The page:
Thrive Review

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08 April 2021
DIY Chess

Yes, I was a Chess kid. I went to Chess club, competed in national Chess tournaments, somewhere in my house is a binder of completed Chess homework (I’m not kidding). 

And I rarely play Chess anymore. 

The game’s biggest problem is how it rewards repeated play over strategic thinking. Someone who’s played a hundred games will almost always beat someone who’s played significantly less. As such, you’re constantly looking for players of similar experience in order to get rewarding games, because playing against someone significantly more or less experienced is less fun. 

Thrive kicks that barrier to play in the gut, delivering something I’d long forgotten: the joy of learning a game through play.

Thrive is a two player abstract strategy game, where players seek to be the dominant lotus flower colour. Each turn players move any of their six lotuses across the six-by-six square, then add two pegs to any of their pieces. If you move a piece on top of an opponents, you capture it, winning the game if they now only have one piece left. Each lotus starts with a red peg in its centre and a white peg one space “forward” from it. These white pegs represent where your piece can potentially move from its current position (i.e. the red peg) and as pieces are never allowed to rotate or flip, the only way to move backwards or sideways is to add pegs in those positions.  

This is a game where the mechanics steered the visual design, but I need to stress how beautiful this game is. Fabric printed game board, pleasingly chunky plastic pieces and sturdy wooden pegs, even choosing a lotus flower to represent the game’s peg growing pieces is sublime. The whole game feels luxurious without breaking the bank or hogging your storage space as well. 

If it’s a visual treat for the eye, playing the game is a feast for your brain. With only six pieces to defeat and perfect information of their movement possibilities, the challenge comes from knowing where to place pegs and when to act on them. Players will constantly create back and forth placements that threaten a piece or protect another, or even both. The serene looking pond becomes an ever tightening dance, looking for openings and opportunities whilst doing your best to avoid over extending or leaving a piece exposed.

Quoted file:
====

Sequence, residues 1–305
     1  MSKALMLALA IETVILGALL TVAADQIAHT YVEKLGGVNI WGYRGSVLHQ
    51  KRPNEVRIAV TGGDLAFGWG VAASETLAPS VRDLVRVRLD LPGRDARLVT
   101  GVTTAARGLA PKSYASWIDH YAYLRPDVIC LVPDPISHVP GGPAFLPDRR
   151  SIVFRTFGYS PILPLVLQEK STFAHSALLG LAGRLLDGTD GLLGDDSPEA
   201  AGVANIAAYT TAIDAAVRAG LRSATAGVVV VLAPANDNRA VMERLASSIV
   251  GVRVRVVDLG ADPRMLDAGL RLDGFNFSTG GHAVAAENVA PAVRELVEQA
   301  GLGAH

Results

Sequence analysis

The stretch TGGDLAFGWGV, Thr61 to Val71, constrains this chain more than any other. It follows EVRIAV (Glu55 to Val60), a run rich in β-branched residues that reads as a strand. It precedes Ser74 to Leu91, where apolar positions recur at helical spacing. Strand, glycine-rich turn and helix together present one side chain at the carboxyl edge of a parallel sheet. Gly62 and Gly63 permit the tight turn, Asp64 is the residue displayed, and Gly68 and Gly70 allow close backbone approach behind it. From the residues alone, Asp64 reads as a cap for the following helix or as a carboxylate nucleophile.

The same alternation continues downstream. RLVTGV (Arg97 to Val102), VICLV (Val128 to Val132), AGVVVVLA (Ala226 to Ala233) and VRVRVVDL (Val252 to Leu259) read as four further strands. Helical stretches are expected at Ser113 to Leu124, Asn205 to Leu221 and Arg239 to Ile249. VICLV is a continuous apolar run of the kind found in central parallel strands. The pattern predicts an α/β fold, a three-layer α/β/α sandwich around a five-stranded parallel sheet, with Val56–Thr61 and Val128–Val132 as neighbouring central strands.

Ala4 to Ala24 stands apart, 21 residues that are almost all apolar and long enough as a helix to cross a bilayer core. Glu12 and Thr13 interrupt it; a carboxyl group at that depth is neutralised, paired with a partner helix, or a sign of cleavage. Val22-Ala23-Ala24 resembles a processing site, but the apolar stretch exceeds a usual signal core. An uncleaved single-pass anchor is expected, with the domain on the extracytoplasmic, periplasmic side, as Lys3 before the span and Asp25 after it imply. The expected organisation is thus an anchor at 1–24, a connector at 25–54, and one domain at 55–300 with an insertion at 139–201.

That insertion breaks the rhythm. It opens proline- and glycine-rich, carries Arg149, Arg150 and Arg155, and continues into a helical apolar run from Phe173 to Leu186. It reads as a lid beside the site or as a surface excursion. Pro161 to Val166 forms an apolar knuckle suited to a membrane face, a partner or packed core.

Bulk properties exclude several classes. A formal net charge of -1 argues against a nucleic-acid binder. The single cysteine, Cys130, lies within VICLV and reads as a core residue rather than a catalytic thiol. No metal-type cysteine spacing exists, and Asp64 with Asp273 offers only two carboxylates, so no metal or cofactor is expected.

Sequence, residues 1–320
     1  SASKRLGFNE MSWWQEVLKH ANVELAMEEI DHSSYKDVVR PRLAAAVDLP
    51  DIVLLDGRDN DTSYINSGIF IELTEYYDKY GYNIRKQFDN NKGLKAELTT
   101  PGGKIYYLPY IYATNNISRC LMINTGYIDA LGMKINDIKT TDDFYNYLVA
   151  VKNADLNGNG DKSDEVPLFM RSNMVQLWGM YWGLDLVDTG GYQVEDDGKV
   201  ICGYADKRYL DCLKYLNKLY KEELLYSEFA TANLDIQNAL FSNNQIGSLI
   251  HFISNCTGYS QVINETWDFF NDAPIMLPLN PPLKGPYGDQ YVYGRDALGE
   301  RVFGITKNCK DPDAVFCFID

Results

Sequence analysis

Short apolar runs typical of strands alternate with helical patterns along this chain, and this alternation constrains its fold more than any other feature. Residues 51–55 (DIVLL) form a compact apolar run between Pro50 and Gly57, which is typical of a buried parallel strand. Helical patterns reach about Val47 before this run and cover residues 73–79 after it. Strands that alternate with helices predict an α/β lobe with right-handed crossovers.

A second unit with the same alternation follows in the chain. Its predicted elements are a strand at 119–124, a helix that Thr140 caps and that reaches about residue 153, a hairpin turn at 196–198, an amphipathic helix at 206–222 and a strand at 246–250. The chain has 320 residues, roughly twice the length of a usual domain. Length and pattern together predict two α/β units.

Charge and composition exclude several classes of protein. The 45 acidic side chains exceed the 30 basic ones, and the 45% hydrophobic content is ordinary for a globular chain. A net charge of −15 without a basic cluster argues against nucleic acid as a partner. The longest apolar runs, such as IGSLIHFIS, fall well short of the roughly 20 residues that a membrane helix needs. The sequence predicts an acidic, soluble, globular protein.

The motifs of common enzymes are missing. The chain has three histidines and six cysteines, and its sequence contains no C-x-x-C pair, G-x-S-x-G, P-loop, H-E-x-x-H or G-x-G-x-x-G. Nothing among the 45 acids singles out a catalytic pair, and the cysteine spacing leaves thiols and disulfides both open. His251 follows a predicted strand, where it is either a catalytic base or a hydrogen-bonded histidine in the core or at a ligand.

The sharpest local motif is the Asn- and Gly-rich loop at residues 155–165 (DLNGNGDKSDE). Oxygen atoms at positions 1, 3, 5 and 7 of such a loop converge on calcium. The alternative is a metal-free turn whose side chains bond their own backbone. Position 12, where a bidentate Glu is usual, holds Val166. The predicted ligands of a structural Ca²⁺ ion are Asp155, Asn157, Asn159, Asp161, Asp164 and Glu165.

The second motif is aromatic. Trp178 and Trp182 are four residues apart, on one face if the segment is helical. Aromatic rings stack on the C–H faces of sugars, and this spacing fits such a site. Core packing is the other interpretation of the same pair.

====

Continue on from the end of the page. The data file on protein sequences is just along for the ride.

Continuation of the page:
There’s an elegance to how pieces grow in power as players move closer to the endgame. Spreading your pegs to ensure all of your pieces slowly gain in power feels correct, until an opponent flies across to your back row leaving you scrambling to restore order. Whilst the game only ends when a fifth lotus is captured, it’s often whoever has the most pegs on live pieces that will have the edge (but most importantly, not the guaranteed victory.) 

The game advertises itself as “build your own Chess,” which in many ways is apt, but the game is also a breakdown of the quintessential strategy giant. It distils the core focus of maintaining control over the board and taking full advantage of every piece’s possibility, but without the baggage of literally hundreds of years of past games, as well as giving players more freedom to develop their own play style.

I’m willing to believe that my past has left me a little biased, that others might not be open to Diet Chess or games like it in any form, which I perfectly understand. But if you ever wanted to play Chess or to rekindle that excitement of learning the game again, I cannot recommend Thrive highly enough. 

Matthew Vernall

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If Chess put you off with its varied piece movements, Thrive refines what makes the former a classic and delivers a phenomenal looking and playing game. 


Try this also if you didn’t like Chess. Both games offer near-limitless depth and play possibilities, but Thrive’s barrier for entry is significantly lower and it looks so much better.

Designer: Martin Grider

Publisher: Adam’s Apple Games

Time: 20-30 minutes

Players: 2

Ages: 8+

Price: £25

What’s in the box?

  • Rulebook
  • 12 Lotus Pieces
  • 12 Coloured Centre Pegs
  • 68 Wooden Pegs
  • Fabric game board

This feature originally appeared in Issue 54 of Tabletop Gaming. Pick up the latest issue of the UK's fastest-growing gaming magazine in print or digital here or subscribe to make sure you never miss another issue.

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